This morning, I tried to connect via SSH from my school network, and couldn’t get a connection there either. This reinforced the idea that a local DNS cache might have an outdated record in it, because at school, I was using a different nameserver than at home, and a whole 12 hours had elapsed. Out of theories, and lacking a method to refresh my local DNS cache, I hit the #debian channel on IRC for some guidance. Unlike my last two trips to this channel, I got help from a number of people within minutes (must be a timezone thing), and found out that unless I manually installed one, Debian does not maintain a DNS cache. Well, there goes that idea.

So where was I getting my DNS lookup service? A quick look at my /etc/resolv.conf file showed that the only entry in it was, which is the IP of my home router. The file also has a huge warning banner that claims that any changes will be overwritten by the operating system. Makes sense, as when I connect to a new network, I presumably get DNS resolution from their router, which may have a different IP address than mine. The guys on IRC instructed me to try to connect to the server with it’s IP address instead of it’s hostname, thereby taking the DNS resolution at the router out of the picture. This worked just fine.

They then instructed me to add a line to the file with the IP address of the nameserver that the router is using. In the case of our home network, we use OpenDNS, a local company with static servers. I did so, and could immediately resolve the IP of my remote server, and obtain an SSH connection to it.

Well fine, my problem is solved by bypassing DNS resolution at the router, but it still doesn’t explain what’s going on here. Why, if DNS resolution was failing at the router level (presumably because the router maintains some kind of DNS cache), did it work for my webbrowser, but not the for ssh, scp, or ping commands? Don’t they all resolve nameservers in the same way? Further, if it was the router cache that had a bad record in it, why did the problem also manifest itself at school, where the router is taken entirely out of the picture?

Further, will the file actually be overwritten by the OS the next time I connect to a different wireless network? If so, will my manual entry be erased, and will the problem return? Time will tell. Something smells fishy here, and it all points to the fact that my machine is in fact retaining a local DNS cache. How else can I explain away the problem manifesting itself on the school network? Further, even if I do have a local cache that is corrupted or contains a bad record, why did Iceweasel bypass it and resolve the address of the webserver at the router level (thereby allowing it to connect, even though the ssh, scp, and ping commands could not)?


My audio doesn’t work anymore

September 21st, 2009 1 comment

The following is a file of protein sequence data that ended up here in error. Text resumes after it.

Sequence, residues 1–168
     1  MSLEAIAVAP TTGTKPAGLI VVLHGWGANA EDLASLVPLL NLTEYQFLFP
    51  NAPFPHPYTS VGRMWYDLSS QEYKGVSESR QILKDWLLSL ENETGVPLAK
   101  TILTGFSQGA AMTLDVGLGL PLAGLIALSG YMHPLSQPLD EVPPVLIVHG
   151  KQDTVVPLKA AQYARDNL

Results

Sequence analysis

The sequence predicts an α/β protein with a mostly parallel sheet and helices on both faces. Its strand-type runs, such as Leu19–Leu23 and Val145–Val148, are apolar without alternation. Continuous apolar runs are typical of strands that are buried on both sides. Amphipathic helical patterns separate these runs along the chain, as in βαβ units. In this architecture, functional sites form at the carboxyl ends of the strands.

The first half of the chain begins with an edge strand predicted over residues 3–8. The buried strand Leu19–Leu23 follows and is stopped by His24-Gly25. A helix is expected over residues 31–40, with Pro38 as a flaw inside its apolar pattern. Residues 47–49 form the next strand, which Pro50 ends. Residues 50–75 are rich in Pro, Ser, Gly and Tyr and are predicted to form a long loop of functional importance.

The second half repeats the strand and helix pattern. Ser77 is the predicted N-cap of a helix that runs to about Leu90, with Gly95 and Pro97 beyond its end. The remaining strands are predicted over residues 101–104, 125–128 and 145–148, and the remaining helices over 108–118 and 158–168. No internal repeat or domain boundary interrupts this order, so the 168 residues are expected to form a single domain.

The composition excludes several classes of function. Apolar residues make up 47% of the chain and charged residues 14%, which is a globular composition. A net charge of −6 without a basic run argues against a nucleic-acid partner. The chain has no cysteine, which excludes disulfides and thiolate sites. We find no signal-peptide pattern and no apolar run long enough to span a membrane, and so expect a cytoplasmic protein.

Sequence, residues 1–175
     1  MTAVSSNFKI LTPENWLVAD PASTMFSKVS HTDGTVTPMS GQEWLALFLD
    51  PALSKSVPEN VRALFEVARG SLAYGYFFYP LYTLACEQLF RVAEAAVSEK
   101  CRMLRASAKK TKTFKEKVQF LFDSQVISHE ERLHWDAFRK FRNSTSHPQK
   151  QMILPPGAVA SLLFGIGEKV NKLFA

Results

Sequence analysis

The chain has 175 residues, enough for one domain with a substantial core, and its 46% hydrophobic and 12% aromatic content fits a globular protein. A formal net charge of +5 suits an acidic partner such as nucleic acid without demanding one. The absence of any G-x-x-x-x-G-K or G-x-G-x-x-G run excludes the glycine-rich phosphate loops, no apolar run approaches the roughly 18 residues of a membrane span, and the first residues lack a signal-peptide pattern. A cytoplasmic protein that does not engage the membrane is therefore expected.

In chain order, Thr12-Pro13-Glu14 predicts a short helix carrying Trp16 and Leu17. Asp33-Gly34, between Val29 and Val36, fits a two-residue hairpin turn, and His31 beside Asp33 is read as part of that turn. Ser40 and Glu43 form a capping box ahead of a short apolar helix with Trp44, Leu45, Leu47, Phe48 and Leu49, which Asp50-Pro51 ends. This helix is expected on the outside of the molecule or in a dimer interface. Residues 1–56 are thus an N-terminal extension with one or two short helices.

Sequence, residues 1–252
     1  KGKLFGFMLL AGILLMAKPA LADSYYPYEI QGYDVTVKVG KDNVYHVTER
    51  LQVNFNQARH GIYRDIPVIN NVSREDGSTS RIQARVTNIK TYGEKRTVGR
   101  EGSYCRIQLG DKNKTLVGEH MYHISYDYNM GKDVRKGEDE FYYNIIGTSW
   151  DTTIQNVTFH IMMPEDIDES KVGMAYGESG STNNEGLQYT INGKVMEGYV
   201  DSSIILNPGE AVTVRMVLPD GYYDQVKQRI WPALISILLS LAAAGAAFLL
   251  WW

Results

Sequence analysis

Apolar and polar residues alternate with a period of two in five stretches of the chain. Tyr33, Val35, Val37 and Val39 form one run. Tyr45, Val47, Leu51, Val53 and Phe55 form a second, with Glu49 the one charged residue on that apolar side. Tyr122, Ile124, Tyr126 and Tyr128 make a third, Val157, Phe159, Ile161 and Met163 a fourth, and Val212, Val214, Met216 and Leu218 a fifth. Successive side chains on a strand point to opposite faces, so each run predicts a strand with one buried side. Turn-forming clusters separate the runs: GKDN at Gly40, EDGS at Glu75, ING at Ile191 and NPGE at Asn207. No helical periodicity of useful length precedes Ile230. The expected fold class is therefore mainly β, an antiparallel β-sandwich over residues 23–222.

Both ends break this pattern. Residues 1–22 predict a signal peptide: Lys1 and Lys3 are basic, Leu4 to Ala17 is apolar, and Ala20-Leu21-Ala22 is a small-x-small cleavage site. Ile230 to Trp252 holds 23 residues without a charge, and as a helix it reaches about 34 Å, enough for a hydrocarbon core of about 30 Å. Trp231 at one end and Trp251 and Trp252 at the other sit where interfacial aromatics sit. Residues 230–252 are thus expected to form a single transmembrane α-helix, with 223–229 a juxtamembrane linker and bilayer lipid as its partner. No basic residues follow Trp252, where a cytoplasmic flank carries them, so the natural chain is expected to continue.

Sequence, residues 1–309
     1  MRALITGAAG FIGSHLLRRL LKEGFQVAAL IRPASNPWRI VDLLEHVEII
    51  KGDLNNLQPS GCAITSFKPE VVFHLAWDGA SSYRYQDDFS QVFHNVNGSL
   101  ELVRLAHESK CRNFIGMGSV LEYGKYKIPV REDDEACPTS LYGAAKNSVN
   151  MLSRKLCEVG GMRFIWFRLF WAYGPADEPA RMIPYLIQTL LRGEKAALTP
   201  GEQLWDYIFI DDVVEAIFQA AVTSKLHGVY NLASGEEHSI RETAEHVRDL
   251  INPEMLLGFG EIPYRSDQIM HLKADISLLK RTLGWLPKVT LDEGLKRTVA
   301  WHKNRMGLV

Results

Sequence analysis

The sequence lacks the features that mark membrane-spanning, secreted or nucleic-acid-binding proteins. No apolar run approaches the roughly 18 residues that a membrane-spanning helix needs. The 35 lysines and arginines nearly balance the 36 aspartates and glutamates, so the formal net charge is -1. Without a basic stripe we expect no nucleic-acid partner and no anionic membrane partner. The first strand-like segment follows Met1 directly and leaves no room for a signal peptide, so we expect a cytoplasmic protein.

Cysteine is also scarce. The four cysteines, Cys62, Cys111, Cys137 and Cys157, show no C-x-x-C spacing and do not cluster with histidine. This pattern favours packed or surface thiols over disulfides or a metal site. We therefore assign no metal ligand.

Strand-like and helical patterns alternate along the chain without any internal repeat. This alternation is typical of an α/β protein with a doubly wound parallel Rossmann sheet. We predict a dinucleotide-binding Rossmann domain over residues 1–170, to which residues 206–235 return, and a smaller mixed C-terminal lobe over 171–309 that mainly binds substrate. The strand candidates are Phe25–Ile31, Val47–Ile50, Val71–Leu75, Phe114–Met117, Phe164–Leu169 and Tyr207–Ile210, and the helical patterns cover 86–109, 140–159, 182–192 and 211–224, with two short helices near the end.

Yup. Not sure why. It just happened. I have tried messing around in my audio settings and still nothing. In fact the only audio device I can get to play is not PulseAudio, or anything standard like that, but rather the Intel audio card that it found for my system. While this is all fine and promising it still doesn’t work right. When I tried to set it as my primary device and restarted my machine KDE threw a bunch of error messages my way saying that it couldn’t use the Intel device (really? because that was the only one that worked for me…) and instead fell back to PulseAudio (really? because that one doesn’t work for me…).

Why is it that Linux works great for a short while and then suddenly breaks itself?

Mounting an NTFS-formatted External Drive

September 20th, 2009 7 comments

I have a Western Digital 250GB NTFS-formatted external hard drive that I use primarily to store backups of my Windows machine. Since I’m away from my house for a couple of days, I used the drive to bring along some entertainment, but encountered some troubles getting Debian Lenny to play nice with it:

mount-errorAfter searching around for a bit, I found a helpful thread on the Ubuntu forums that explained that this problem could be caused by a few different things. First, with the drive plugged in, I ran

sudo fdisk -l

from the terminal, which brought up a summary of all disks currently recognized by the machine:

jon@debtop:/$ sudo fdisk -l
Disk /dev/sda: 40.0 GB, 40007761920 bytes
255 heads, 63 sectors/track, 4864 cylinders
Units = cylinders of 16065 * 512 = 8225280 bytes
Disk identifier: 0xcccdcccd
 Device Boot      Start         End      Blocks   Id  System
/dev/sda1   *           1          31      248976   83  Linux
/dev/sda2              32        4864    38821072+  83  Linux

Disk /dev/dm-0: 39.7 GB, 39751725568 bytes
255 heads, 63 sectors/track, 4832 cylinders
Units = cylinders of 16065 * 512 = 8225280 bytes
Disk identifier: 0x00000000

Disk /dev/dm-0 doesn't contain a valid partition table
Disk /dev/dm-1: 38.0 GB, 38067503104 bytes
255 heads, 63 sectors/track, 4628 cylinders
Units = cylinders of 16065 * 512 = 8225280 bytes
Disk identifier: 0x00000000

Disk /dev/dm-1 doesn't contain a valid partition table
Disk /dev/dm-2: 1681 MB, 1681915904 bytes
255 heads, 63 sectors/track, 204 cylinders
Units = cylinders of 16065 * 512 = 8225280 bytes
Disk identifier: 0x00000000
Disk /dev/dm-2 doesn't contain a valid partition table
Disk /dev/sdb: 250.0 GB, 250059350016 bytes
255 heads, 63 sectors/track, 30401 cylinders
Units = cylinders of 16065 * 512 = 8225280 bytes
Disk identifier: 0x5b6ac646

Device Boot      Start         End      Blocks   Id  System
/dev/sdb1               1       30401   244196001    7  HPFS/NTFS

Judging by the size of the drives, I figured out that the OS saw my drive at the location /dev/sdb, and the partition that I wanted to mount (the only partition on the drive) at the location /dev/sdb1.

Now, to determine why Linux wasn’t mounting the drive, I checked the fstab file at /etc/fstab to see if there was some other entry for sdb that was preventing it from mounting correctly: